Passion for trail leads to giving back
If you have even ventured on the Whitefish Trail, or shown up at the Wave Aquatics and Fitness Center early in the morning, you may have had the opportunity to meet Terry Rymer. A Whitefish resident for over 35 years, Terry knows the importance of playing and staying active.
Terry’s first experience with hiking was over 50 years ago in the Bob Marshall Wilderness. He ventured in 10 miles with a rucksack and cowboy boots. Despite feet full of blisters and a fairly miserable experience, Terry continued to hike throughout his younger years in Colorado and then in Glacier National Park upon his return to Montana.
After reading about the Whitefish Trail in the Pilot a few years ago, Terry wandered into Glacier Cyclery to grab a map. Now knowing where to go, he headed out to hike all of the trails in the system. “I started seeing people my age out on bicycles on the trail, and I thought I can do this!” Terry has always biked, but only recently picked up mountain biking after his experience on the Whitefish Trail. Now Terry hikes and bikes the trail on a regular basis.
Terry’s passion for the Whitefish Trail soon translated into giving something back. Impressed by the overall trail design, Terry signed on as a volunteer last summer. He participated in six trail projects, from trail maintenance on Lion Mountain to trail construction on the new Woods Lake Trail. Not only did Terry contribute volunteer time, he often arrived early to ride his bike on the trail prior to digging in the tread.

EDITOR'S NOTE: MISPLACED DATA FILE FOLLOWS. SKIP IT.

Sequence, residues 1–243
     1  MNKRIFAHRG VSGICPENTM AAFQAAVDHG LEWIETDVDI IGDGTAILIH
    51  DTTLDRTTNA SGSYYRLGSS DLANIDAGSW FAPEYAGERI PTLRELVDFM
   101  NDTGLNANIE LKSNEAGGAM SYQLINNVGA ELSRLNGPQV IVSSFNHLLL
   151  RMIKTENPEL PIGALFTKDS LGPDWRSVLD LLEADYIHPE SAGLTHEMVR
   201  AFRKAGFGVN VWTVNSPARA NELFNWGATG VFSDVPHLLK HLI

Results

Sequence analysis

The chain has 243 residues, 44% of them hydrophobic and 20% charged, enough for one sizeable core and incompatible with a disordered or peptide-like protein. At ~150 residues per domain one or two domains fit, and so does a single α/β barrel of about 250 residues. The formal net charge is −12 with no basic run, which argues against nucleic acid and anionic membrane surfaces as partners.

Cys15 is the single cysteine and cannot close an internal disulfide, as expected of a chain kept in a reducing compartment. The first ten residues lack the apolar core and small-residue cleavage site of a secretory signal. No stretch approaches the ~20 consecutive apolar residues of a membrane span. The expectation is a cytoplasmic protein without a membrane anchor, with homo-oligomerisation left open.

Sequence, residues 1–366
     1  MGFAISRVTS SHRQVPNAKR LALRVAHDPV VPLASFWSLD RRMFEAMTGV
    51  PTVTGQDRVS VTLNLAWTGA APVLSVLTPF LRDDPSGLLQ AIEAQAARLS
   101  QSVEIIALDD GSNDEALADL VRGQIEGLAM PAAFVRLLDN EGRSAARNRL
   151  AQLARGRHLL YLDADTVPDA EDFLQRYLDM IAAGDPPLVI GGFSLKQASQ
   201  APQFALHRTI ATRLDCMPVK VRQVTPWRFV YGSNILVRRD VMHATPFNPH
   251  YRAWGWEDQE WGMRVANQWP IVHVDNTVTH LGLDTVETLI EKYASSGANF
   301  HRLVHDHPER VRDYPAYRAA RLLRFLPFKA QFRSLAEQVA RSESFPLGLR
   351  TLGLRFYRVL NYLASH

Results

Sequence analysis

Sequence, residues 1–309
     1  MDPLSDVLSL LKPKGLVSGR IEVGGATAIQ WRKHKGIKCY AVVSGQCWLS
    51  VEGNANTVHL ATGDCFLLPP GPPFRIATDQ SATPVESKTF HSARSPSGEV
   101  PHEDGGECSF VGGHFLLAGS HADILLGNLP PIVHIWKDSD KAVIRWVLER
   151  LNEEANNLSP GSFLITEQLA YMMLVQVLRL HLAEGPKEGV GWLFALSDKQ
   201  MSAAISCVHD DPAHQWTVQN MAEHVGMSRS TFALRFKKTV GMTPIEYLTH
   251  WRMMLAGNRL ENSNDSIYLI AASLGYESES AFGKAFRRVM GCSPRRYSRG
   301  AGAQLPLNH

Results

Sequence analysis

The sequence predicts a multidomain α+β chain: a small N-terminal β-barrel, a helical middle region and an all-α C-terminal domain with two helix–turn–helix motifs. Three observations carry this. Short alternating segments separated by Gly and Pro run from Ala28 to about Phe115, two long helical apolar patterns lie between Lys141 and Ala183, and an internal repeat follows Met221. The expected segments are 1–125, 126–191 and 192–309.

If working and riding trails wasn’t enough, Terry also volunteered in the office and during the Whitefish Legacy Run this past fall. Just last week with snow still covering the trail, Terry bounded in to the office with one of the new Whitefish Trail License Plates in hand. Terry was so excited to have the Whitefish Trail displayed on his new vehicle and was thrilled to learn of another way to support the trail. Whitefish Trail license plates are now available with proceeds from sales directly benefiting the trail.
While Terry helped me remove rusty old bolts to affix my newly purchased Whitefish Trail plate, I thought of a quote I recently heard from Irish Playwright, George Bernard Shaw: “We don’t stop playing because we grow old, we grow old because we stop playing.” I couldn’t help but think about how supporting the Whitefish Trail not only provides a recreational asset that benefits so many, but also keeps you active, healthy and engaged in our community.
Terry is ready to volunteer again and has already offered his time to help in the office and prep tools while the trail melts out. We understand not everyone can be super volunteers like Terry and we welcome any level of support whether it is a couple hours in the office or a morning on the trail. We need you…ON the Whitefish Trail!